The study of optical changes of the crystalline lens with accommodation and through aging is essential to understand the development of presbyopia.
We measure the optical aberrations of the crystalline lens, as well as the changes in geometry of the lens surfaces with accommodation and aging. Lens tilt and decentration of the lens is also studied.
We have measured the radii of curvature of the anterior and posterior crystalline lens surfaces as a function of accommodation in young human eyes (Rosales el at. 2006) using both Purkinje and Scheimpflug imaging, in a collaborative study with Prof. van der Heijde and Dubbelman in Amstgerdam. In addition, we used Purkinje imaging to measure dynamically the crystalline lens radii of curvature under stimulated accommodation in rhesus monkey, in a collaborative study with Prof. Adrian Glasser (Rosales et al. 2007). In that study, we also measured the changes in lens tilt and decentration with accommodation. The systematic tilt change found in one animal with increased accommodation may be related to a systematic increase in coma.
In an earlier study we had reported on the change of high order aberrations with accommodation, in particular the systematic shift of spherical aberration toward negative values, and the average overall increase of high order RMS for accommodative demands higher than 2 D (He et al. 2000). Very recently we have reported on the dynamic change (13 Hz) of ocular aberrations as a function of accommodation. Using an adaptive optics set up, we have studied the effect of manipulating the ocular aberrations on the accommodative response. We found that correcting aberrations improves the accommodative response (decreases the accommodative lag), while increasing aberrations such as coma decreases the accuracy of the response.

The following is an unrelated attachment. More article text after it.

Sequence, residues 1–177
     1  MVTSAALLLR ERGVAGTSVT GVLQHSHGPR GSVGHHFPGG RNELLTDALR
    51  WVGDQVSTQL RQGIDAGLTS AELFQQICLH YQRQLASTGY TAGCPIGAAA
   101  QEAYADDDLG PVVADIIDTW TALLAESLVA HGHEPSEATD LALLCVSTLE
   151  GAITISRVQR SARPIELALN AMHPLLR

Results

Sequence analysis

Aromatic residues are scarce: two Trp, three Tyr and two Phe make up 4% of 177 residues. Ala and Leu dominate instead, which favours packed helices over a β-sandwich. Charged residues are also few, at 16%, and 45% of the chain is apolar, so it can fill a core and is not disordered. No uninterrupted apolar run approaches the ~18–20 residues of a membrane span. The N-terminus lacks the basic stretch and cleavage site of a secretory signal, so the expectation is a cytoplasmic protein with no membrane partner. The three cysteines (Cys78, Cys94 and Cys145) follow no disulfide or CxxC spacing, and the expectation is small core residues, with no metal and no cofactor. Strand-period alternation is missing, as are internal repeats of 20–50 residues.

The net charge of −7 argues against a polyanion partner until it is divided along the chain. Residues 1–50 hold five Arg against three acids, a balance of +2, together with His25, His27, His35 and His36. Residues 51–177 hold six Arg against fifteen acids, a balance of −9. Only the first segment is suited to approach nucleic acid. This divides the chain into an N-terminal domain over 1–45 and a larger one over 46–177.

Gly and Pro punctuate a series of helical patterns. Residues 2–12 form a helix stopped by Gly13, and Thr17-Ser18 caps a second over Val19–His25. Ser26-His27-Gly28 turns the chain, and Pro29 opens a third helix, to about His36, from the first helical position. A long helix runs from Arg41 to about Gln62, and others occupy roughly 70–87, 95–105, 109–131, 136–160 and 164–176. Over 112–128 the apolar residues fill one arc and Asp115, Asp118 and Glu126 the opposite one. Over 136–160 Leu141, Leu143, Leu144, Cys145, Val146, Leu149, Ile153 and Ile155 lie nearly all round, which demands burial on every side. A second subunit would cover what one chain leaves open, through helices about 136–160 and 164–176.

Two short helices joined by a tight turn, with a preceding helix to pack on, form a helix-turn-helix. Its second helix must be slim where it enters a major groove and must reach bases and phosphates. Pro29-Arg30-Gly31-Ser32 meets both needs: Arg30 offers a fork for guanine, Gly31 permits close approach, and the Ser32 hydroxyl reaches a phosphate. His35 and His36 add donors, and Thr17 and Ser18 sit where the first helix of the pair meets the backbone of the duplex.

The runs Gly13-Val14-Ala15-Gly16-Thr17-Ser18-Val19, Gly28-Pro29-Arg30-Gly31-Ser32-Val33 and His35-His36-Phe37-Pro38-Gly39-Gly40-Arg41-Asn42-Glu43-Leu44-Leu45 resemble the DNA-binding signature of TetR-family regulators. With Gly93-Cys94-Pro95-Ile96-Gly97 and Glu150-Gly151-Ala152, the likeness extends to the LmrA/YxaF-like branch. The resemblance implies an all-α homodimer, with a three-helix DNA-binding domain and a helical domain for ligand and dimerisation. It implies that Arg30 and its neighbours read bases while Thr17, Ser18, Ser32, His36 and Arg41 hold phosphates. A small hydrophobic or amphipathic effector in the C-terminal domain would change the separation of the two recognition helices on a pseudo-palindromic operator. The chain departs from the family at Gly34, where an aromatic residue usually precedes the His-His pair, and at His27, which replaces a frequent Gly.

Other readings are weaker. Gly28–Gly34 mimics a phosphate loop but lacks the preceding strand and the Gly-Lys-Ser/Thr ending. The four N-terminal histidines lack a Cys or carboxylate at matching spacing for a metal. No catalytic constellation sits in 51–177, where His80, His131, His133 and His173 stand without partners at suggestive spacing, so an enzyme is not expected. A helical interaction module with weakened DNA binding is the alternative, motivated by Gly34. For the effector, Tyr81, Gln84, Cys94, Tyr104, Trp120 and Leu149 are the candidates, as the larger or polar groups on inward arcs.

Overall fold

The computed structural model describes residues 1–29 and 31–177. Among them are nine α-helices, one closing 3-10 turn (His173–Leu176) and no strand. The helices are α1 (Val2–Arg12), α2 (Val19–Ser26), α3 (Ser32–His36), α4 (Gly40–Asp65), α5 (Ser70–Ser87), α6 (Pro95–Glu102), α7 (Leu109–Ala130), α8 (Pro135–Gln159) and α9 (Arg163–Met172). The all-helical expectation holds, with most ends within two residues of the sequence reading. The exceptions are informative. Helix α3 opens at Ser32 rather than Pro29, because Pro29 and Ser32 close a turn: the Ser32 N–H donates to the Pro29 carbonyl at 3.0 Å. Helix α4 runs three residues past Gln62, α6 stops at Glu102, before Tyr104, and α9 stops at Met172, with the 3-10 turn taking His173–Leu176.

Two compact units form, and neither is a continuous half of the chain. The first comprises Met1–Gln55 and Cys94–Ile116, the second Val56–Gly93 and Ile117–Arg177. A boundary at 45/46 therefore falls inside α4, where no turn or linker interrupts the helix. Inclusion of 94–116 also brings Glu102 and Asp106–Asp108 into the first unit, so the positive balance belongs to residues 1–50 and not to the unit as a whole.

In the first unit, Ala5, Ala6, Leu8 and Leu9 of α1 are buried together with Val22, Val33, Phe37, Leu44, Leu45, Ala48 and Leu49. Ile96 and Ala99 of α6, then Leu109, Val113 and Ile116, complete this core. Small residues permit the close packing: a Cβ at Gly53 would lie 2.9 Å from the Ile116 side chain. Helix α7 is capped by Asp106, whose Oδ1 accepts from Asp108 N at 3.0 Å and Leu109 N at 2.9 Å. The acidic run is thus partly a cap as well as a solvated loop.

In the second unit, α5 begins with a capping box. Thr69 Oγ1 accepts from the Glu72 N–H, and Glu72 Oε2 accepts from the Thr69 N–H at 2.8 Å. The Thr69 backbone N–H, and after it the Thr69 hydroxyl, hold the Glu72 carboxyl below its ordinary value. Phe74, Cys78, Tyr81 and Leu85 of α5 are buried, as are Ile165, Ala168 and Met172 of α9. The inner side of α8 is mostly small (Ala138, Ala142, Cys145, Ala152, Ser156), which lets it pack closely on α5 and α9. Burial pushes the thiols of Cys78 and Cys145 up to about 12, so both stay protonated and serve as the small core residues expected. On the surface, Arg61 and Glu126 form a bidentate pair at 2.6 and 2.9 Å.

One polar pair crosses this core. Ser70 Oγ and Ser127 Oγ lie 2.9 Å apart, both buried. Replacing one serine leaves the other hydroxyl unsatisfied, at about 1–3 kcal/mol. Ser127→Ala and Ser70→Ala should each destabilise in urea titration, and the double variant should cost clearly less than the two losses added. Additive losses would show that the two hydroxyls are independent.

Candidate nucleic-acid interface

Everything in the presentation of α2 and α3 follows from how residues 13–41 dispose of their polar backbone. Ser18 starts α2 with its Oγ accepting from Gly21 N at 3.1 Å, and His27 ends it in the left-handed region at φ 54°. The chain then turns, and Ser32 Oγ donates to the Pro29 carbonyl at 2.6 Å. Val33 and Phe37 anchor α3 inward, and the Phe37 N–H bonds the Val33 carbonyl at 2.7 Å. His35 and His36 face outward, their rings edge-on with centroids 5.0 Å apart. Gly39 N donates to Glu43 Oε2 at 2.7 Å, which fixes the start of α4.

The fluctuations of accommodation are also altered when the accommodative demand increases, and when aberrations are corrected or induced (Gambra et al. 2009).
We are also interested in evaluating the role of gradient index distribution in the the changes of optical properties of the crystalline lens with aging and accommodation. We have developed GRIN reconstruction tomographic algorithms using LRT and OCT techniques, which we have applied to in vitro crystalline lens specimens so far.